PCI’s Country Director in Liberia, Jolene Mullins admits that the ETU project came in late noting that if it had been around during the heat of the virus outbreak, many people wouldn’t have lost their lives.

“If the ETU was built during the heat of the virus, it would have had a greater impact because when we received the US$5.6million, we were in a better position to provide care for patients. Now that the project will be ending in December of this year, if we do not spend the entire 5.6million at the end of the project now that there is no active Ebola case, we will return the remaining funds to the American government because I am an American tax payer,” Mullins said.

Now that PCI’s Support to Ebola Project (STEP) phases out in less than five months, many locals in Nimba County have expressed concern over the future of this facility, which they believe can help improve the post-Ebola health sector.

Lilian Cooper 28, a mother of four who lives just near the Ganta ETU, believes that the center can be used to provide health care services for other none Ebola patients, with the very limited health centers in the area.

Lilian recalled that many people lost their lives during the virus outbreak in the county due to lack of health facilities. She said if the Ganta ETU is used to treat other sicknesses, people faced with health complications would have easy access to health care, rather than walking long distances to seek treatment.

“When they were building the ETU here, I was afraid that we will contract the virus because I have my children and my animals living here but now that we don’t have Ebola patients in the country, I want the ETU to remain opened to treat people with other health problems…but not Ebola because it is a deadly virus and we don’t want to experience it again,” Lilian explained.

Another Ganta resident, TarranceYeanay, 36, shares similar opinion that the Ganta ETU should not be closed, though he didn’t know it was so expensive to run just one ETU.

“Since that place was built, we only have been hearing about suspected cases and not a single confirmed case,” he said. Though Yeanay feels strongly about the huge cost to run the facility, he however wants the Ganta ETU to remain intact.

But for Yeanay, it should be used as a Tuberculosis (TB) center and for other infectious diseases instead of an ETU.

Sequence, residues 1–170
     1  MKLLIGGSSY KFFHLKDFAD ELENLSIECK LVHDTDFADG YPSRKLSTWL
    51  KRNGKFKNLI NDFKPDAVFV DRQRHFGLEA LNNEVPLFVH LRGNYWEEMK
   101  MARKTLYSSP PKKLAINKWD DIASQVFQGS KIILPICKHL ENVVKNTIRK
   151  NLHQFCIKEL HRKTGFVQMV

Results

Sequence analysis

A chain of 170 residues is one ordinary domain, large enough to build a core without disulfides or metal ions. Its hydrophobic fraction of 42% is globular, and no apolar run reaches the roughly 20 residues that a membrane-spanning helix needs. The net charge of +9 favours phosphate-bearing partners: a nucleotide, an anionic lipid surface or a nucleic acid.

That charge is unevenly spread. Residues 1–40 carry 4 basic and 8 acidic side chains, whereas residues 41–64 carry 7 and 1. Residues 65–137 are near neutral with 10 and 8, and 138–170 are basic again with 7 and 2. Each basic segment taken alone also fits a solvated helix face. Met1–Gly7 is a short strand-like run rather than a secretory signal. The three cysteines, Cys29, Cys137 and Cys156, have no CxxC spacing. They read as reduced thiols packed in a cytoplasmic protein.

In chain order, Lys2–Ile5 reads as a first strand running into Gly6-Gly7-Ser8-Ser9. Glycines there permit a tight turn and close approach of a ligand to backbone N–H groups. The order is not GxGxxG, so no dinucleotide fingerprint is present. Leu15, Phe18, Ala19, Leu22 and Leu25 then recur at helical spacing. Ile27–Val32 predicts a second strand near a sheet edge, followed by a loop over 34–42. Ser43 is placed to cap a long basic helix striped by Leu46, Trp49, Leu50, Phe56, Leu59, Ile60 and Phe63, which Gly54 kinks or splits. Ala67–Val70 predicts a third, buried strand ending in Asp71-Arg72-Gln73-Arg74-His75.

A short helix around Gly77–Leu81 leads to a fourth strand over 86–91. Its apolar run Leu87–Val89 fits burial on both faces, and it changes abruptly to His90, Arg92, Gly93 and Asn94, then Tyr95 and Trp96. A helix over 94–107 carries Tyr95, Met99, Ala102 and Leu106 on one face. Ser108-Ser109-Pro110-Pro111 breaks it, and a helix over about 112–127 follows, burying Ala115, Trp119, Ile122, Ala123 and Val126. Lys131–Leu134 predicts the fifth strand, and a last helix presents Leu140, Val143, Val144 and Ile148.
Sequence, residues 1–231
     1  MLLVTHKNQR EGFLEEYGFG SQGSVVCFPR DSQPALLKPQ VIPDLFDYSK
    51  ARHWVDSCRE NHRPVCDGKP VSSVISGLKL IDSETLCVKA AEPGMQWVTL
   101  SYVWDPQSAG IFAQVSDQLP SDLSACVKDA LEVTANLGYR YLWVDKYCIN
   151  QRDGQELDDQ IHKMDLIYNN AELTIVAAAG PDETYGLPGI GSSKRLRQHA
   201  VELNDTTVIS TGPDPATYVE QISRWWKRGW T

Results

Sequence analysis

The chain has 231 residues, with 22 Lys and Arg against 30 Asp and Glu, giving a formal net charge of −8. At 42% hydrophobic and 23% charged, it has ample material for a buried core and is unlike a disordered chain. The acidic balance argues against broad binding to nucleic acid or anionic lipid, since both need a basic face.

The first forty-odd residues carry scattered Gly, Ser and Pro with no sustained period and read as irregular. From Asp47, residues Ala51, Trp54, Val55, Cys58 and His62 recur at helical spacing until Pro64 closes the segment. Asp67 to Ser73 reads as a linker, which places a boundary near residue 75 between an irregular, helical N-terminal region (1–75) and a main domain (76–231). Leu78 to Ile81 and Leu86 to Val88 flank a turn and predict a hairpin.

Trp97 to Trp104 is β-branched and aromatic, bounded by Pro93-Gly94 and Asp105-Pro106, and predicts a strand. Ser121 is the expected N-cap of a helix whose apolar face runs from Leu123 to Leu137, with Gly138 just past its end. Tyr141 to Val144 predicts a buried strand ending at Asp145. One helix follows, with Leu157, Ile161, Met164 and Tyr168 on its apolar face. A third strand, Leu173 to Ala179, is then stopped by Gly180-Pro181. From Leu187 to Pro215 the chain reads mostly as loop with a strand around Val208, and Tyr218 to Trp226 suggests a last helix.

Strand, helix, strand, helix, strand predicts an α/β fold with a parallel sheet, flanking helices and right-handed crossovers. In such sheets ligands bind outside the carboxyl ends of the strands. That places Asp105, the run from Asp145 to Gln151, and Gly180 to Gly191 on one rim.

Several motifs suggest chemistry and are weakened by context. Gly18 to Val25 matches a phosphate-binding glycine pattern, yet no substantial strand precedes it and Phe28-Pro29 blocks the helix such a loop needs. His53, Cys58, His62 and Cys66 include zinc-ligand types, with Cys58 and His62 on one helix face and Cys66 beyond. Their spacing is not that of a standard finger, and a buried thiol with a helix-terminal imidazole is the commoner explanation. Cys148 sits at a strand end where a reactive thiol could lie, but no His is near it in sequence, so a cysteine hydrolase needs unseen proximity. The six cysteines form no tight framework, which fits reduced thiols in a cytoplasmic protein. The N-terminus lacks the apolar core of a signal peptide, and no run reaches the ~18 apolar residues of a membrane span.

Nimba County health authorities also do not want the Ganta ETU to be demolished.

Dr. Collins Bowah, head of the Nimba County Health Team welcomes the idea that the ETU is used to treat people with other health problems, instead of it being destroyed like other ETUs around the country.

Bowah said the ETU should be renamed to deal with other health complications, stressing that Nimba is one of the Lassa fever belts in Liberia and other infectious diseases.

“We do not want to have the ETU demolished; this center can play a major role in helping to improve the health care system and also be used to treat patients in case of any other disease outbreak in the county. It will be important for the ETU to be used as a maternal health center in order to reduce the rate of maternal deaths in the county because it has become a major problem,” the head of the Nimba County Health team said.

Bowah thinks PCI’s operation has paid off, especially as regards training of health workers. He is confident that health workers in Nimba are able to work effectively at the ETU, now that they have been trained by PCI to respond to disease outbreak and other health problems.

“PCI has trained most of our health workers in the county. Since PCI started working in Nimba, our health workers have learned a lot of new things which put them in a better position to treat patients,” Bowah added.

What exactly will happen to the Ganta ETU when the PCI management project ends in December is yet not known. But PCI officials have told reporters that a plan on its future was being worked out with the Liberian government.

Many citizens are questioning the rationale of demolishing such structures that cost millions of US dollars, when they could be used to fill the big gap in the country’s health infrastructure.

But which ever way the decision goes, PCI’s Country Director, Jolene Mullins, has assured that whatever balance remains from the US5.6m given by the US government to manage the Ganta ETU will be returned to American tax payers when the project ends.

Liberia currently has zero Ebola cases and is on its second 42 days count-down to being declared Ebola free. On May 9, 2015 the World Health Organization certificated the country Ebola free but that there was a temporary relapse with the death of a 17-year old boy in Margibi County, outside Monrovia.